Indian cuisine proves that there are hundreds of different uses for lentils, and most of them don’t involve soup. I haven’t tried all the options yet, but I am slowly making my way through them. I particularly like a well-made dal (a lentil puree), scooped up with roti or naan, both of which are flatbreads.
Breakfast here is usually a meal that consists of savory items and I find that I like the vadas (savory donuts made of lentil flour) and the stuffed parathas best (which is a flatbread stuffed with vegetables, cheese, or potato). A typical Indian breakfast also includes spicy pickles. I tried it, but just couldn’t get myself used to having hot pickles in the morning (or any pickle, for that matter).
Last night we had a particularly good traditional Rajasthani thali, which is a vegetarian platter with many dishes that cover all possible tastes—sweet, savory, spicy, something that heats the palate, and something that cools. My favorite dishes were the paneer and bhindi (sauteed cheese and okra), the chaat (a slightly sweet buttermilk sauce with a touch of chutney), and the vegetable biryani (it’s like an Indian fried rice). One thing I can’t get used to here are the sweets. I thought Americans had a sweet tooth, but you haven’t tasted sweet until you’ve tried the desserts here.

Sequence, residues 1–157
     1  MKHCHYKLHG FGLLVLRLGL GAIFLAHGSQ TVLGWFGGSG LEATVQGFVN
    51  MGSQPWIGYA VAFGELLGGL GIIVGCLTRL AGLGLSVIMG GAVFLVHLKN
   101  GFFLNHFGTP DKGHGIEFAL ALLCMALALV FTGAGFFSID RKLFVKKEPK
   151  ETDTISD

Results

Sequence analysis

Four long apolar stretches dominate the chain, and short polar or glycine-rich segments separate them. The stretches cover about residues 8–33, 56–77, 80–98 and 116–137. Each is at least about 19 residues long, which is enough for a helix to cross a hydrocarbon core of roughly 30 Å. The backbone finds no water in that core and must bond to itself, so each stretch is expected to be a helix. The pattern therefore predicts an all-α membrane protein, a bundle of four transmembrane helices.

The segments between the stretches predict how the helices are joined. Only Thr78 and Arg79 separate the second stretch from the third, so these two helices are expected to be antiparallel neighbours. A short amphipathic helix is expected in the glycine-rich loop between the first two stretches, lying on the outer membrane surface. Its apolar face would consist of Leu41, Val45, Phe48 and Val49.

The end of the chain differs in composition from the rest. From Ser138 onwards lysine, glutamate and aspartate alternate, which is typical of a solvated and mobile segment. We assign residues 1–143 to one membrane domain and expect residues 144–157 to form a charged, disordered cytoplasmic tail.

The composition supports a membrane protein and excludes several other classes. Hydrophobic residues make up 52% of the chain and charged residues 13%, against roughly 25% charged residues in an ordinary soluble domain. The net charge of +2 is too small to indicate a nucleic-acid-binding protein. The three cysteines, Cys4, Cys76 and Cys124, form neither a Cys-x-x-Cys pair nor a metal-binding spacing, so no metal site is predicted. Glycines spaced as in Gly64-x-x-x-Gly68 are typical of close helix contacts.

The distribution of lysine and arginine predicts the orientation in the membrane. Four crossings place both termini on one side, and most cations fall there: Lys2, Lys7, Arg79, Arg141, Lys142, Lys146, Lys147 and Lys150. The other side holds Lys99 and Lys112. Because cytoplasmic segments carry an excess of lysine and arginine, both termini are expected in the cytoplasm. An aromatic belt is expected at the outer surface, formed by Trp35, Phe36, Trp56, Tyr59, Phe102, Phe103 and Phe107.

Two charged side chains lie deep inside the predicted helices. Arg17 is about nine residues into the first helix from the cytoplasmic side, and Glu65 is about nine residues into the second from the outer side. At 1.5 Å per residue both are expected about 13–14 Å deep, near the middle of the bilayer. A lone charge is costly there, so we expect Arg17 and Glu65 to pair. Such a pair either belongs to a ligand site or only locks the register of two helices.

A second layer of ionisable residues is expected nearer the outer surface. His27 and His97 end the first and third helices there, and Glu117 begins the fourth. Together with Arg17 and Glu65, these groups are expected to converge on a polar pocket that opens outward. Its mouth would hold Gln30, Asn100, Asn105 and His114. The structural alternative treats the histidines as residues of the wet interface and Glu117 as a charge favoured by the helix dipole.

Overall, India is a food-lover’s grand adventure and a vegetarian’s paradise. But of course, pleasure has its down side. Like Delhi Belly. I’ve already had it once and I am taking great pains to avoid an encore…
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